The growing rise in antibiotic resistance has led researchers to look for alternative means for treating infectious diseases.
Researchers at Massachusetts Institute of Technology (MIT) and Harvard have engineered particles called "phagemids" to target and kill specific pathogenic bacteria in a controlled manner.
Researchers modeled the engineered particles on bacteriophages that target specific bacteria while leaving friendly bacteria intact.
Bacteriophages have been used in the past research projects but they can have harmful side effects.
"Bacteriophages kill bacteria by lysing the cell, or causing it to burst. But this is problematic, as it can lead to the release of harmful toxins from the cell and can have harmful side effects," said lead author James Collins, an MIT professor of medical engineering.
The toxins released when the harmful bacteria burst can cause sepsis and even death in some cases.
For the new study, the researchers developed a particle that works in a similar way. It targets and kills specific bacteria, without causing the cells to burst and release their toxins. The particles are called "phagemids" because they infect the target bacteria with plasmids.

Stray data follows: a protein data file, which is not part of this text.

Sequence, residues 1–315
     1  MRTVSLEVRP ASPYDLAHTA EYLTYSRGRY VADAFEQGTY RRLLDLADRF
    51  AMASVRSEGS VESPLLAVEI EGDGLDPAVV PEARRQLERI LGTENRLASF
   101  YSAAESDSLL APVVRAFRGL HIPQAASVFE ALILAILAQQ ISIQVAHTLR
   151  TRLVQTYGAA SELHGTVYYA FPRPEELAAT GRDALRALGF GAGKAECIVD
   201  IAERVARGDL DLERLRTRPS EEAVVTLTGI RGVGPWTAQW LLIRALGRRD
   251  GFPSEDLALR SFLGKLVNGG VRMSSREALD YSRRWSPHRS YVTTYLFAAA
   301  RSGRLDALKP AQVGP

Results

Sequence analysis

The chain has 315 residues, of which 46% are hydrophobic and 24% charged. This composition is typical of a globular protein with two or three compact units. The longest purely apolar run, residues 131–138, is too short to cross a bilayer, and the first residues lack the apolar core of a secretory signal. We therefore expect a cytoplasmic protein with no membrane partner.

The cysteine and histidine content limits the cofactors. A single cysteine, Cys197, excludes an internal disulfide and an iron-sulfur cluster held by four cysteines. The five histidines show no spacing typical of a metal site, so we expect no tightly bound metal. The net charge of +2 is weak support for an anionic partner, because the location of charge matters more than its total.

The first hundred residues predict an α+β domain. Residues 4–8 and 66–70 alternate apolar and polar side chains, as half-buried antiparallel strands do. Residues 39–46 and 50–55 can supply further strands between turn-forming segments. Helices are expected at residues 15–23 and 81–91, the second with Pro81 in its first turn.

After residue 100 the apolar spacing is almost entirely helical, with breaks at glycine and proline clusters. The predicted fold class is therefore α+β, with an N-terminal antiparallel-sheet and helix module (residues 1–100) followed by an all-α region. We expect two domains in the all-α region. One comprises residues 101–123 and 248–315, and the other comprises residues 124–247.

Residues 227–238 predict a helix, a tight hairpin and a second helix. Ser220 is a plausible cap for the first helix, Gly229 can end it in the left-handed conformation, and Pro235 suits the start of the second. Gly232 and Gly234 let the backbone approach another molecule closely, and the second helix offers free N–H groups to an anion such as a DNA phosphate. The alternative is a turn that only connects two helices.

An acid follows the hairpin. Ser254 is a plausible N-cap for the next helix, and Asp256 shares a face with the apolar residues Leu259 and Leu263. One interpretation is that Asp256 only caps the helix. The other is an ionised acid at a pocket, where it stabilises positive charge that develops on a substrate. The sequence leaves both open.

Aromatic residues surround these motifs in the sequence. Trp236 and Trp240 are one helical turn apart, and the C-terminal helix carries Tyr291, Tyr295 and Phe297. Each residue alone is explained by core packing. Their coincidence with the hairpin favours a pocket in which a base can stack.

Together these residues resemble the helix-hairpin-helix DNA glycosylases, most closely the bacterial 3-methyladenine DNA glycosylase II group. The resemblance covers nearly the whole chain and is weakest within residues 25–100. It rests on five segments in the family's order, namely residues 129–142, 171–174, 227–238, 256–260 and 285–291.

They call the particles "phagemids" because they infect the target bacteria with plasmids - small DNA molecules that can copy themselves inside cells.
The team engineered the plasmids using synthetic biology to express proteins and peptides that are toxic to the bacterial host cell. The toxin affects the cells replication and the bacterial cell dies without bursting.
"The method they have developed is highly targeted - it attacks only specific species of bacteria, which means you can use it to treat an infection without harming the rest of the microbiome," said Collins.